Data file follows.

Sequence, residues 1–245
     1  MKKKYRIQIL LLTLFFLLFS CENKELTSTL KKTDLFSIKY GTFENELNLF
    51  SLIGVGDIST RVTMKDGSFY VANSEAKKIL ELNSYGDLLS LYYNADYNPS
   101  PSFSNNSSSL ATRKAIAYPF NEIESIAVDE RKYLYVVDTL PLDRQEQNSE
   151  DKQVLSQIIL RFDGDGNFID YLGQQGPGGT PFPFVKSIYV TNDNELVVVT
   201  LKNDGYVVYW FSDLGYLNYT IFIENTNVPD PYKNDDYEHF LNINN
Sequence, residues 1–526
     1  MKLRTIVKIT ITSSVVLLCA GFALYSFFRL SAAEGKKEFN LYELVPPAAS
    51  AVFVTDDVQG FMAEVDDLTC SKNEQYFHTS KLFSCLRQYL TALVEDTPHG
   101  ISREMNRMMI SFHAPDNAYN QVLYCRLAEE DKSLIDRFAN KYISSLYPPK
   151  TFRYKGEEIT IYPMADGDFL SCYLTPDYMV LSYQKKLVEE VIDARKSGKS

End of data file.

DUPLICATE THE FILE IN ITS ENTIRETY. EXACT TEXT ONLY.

Sequence, residues 1–245
     1  MKKKYRIQIL LLTLFFLLFS CENKELTSTL KKTDLFSIKY GTFENELNLF
    51  SLIGVGDIST RVTMKDGSFY VANSEAKKIL ELNSYGDLLS LYYNADYNPS
   101  PSFSNNSSSL ATRKAIAYPF NEIESIAVDE RKYLYVVDTL PLDRQEQNSE
   151  DKQVLSQIIL RFDGDGNFID YLGQQGPGGT PFPFVKSIYV TNDNELVVVT
   201  LKNDGYVVYW FSDLGYLNYT IFIENTNVPD PYKNDDYEHF LNINN
Sequence, residues 1–526
     1  MKLRTIVKIT ITSSVVLLCA GFALYSFFRL SAAEGKKEFN LYELVPPAAS
    51  AVFVTDDVQG FMAEVDDLTC SKNEQYFHTS KLFSCLRQYL TALVEDTPHG
   101  ISREMNRMMI SFHAPDNAYN QVLYCRLAEE DKSLIDRFAN KYISSLYPPK
   151  TFRYKGEEIT IYPMADGDFL SCYLTPDYMV LSYQKKLVEE VIDARKSGKS